Veto Overrides Day 1

The plan: 61 Votes totaling $275 Million in overrides.

House Ways and Means Chair Jeffrey Sanchez (D – Boston) plans on leading his colleagues in the House in overriding $275M out of $320M of the Governor’s vetoes through the FY2018 budget process. Yesterday, the House met to start the override process and according to Speaker DeLeo (D - Winthrop), this process will take weeks.

Rep. Sanchez outlined his plan before the chamber as being a positive approach to budgeting and fiscal responsibility. Let’s break down the numbers.

In July, the legislature passed the FY2018 budget, totaling $40B. Just before the bill passed, the Boston Herald reported that the state ended the fiscal year with $400M in budget deficits. Governor Baker made $320M in cuts in over 160 budget vetoes, warning the legislature that not only was the spending plan irresponsible, but the conference committee who created the budget in secret already underfunded some accounts by a total of $198M.

As of today, tax collections are up about $60M this year over the same period last year. However, the benchmarks by which Rep. Sanchez and the leadership made their budget projections are still down by $11M. This is because they projected a 2.9% growth rate in tax collections whereas the past 2 years, tax collections have seen no more than 1.4% growth. The House continues to over budget based on wildly ambitious projections, grounded in nothing but hope.

House Republican Minority Leader, Brad Jones (R – North Reading) strongly recommended that the House wait until October to have a more substantive conversation about the budget. His recommendation was turned down as quickly as it was brought up.

The House plans on meeting again to continue to restore money we don’t have to the budget. The Senate, still on recess since Senate President Stan Rosenberg is traveling out of country, will return at the end of the month. We will be updating our scorecard with the new votes as the House and Senate meet to vote on the overrides.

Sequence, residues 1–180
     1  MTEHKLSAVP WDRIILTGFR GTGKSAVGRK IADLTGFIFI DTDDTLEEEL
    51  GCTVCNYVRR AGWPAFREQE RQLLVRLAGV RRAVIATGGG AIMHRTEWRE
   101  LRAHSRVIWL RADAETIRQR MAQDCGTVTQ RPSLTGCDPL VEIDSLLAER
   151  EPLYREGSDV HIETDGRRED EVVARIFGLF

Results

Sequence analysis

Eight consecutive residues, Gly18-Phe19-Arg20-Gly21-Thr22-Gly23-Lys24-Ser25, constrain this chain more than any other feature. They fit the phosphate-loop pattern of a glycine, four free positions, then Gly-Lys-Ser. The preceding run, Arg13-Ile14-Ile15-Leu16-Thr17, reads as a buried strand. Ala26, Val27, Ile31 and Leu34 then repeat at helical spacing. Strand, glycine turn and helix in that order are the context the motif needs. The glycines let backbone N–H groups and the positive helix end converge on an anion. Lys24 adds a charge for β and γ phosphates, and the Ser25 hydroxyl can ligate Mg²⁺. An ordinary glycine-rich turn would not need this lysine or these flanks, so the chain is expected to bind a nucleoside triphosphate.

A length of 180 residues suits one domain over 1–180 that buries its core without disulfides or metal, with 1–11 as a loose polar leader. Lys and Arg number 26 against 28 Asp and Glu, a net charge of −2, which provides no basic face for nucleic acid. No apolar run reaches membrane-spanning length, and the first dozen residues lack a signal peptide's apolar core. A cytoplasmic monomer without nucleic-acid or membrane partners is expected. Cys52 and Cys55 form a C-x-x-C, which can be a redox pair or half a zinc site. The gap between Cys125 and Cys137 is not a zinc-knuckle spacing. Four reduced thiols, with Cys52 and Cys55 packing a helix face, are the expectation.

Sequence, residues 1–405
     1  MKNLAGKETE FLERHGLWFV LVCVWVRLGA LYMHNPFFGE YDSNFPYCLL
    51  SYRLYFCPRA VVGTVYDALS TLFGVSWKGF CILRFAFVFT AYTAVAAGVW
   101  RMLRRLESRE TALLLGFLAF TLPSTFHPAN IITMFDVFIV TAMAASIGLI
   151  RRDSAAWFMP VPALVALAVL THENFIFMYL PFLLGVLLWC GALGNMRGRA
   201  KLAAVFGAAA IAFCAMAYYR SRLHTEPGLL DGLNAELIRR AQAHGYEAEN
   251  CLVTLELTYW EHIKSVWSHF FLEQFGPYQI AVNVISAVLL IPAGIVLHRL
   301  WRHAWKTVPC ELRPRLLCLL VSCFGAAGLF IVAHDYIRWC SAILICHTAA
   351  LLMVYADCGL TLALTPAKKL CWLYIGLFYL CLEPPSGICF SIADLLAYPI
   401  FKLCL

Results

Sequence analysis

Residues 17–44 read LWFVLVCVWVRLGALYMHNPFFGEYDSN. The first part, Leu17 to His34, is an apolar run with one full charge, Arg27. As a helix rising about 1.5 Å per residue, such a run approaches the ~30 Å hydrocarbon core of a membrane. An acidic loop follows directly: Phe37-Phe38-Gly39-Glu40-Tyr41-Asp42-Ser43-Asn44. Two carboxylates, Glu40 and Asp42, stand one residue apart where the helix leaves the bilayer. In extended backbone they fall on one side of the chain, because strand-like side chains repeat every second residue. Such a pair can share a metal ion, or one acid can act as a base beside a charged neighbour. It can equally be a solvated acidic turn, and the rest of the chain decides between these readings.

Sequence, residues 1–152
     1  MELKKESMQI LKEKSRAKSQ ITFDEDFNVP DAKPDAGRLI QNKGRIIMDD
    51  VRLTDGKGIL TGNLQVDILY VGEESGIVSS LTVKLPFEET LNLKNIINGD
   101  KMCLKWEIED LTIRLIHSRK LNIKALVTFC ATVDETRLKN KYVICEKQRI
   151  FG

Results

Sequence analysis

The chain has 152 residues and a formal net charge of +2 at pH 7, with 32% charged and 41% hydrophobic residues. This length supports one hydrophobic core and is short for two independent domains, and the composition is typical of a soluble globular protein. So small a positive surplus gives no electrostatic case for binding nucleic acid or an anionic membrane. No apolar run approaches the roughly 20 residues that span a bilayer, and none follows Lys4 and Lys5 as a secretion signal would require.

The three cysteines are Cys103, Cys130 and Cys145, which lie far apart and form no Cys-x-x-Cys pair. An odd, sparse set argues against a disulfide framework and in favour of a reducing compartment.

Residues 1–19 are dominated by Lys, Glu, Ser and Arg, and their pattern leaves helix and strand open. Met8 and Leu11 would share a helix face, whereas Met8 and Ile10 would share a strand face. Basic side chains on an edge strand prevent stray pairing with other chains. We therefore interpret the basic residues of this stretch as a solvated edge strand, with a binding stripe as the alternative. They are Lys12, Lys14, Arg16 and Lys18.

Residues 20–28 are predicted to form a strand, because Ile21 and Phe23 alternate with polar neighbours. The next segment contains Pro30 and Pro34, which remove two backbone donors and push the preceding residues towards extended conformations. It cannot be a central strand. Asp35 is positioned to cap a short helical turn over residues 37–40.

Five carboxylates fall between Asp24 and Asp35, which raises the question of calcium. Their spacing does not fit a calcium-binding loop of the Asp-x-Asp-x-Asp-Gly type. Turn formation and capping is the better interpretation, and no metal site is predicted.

Don’t buy stuff you cannot afford

That’s the unique new program lawmakers should understand when they want to buy stuff they cannot afford. The Governor vetoed their 40 percent pay raise in January and their $40B budget in July. Yet, these lawmakers are now considering restoring 169 Gubernatorial line item vetoes to the FY2018 budget, totaling over $320M.

The legislature hit a new low when, after working on a budget in secret, released it one Friday morning with the intention of voting on $40B in just one day. They then decided to wait until September to see the influx of tax revenues before taking up Governor Baker's vetoes. 

In the first two months of the current fiscal year, we are down $11M from the benchmark, though revenue is up from the same time last year. It’s safe to say, now isn’t the time for increasing spending.

Tomorrow, the House will take up the Governor’s vetoes. This is where we need your help. 

As the House mulls over the overrides, we can stand up and ask our lawmakers to support the governor’s fiscally responsible budget vetoes. We cannot continue to function as a Commonwealth while lawmakers play fast and loose with our tax dollars. Complete our Call to Action to contact your lawmakers. We just cannot afford a $40B budget or a 40% pay raise. Get started here


State Rep. Natalie Higgins on the Sanctuary State Bill

Many residents may have noticed a flyer in their door regarding state Representative Natalie Higgins, (D-Leominster). The flier focuses on Rep. Higgins’ support of a bill she co-sponsored with Sen. Jamie Eldridge (D-Acton) to make Massachusetts a sanctuary state. It’s a gift to the farthest of the far left.

Shortly after Higgins co-sponsored Eldridge’s legislation, the Massachusetts Democratic Party put into their party platform support for making Massachusetts a sanctuary state. Higgins’ and Eldridge’s bill actually prohibits local and state law enforcement from applying Federal immigration laws in the state. As you know, some cities and towns in Massachusetts have already implemented sanctuary city statutes, but many have rejected them. Recently, Greenfield said "NO!" and rejected efforts to become a sanctuary city.

But choice isn't something Higgins supports. She's proposing the state overrule local decision making in towns like Greenfield. 

According to the Federation for American Immigration Reform, illegal immigration costs Massachusetts taxpayers $1.8 billion each year. If Higgins’ bill passes and ties the hands of law enforcement, that number will soar.

Massachusetts Fiscal Alliance is informing the residents of Rep. Higgins’ district to let them know that she's leading the charge to make Massachusetts a sanctuary state. If controlling illegal immigration matters to you, contact Representative Higgins and urge her to drop her support for the sanctuary state legislation. Her office phone number is 617-722-2060.


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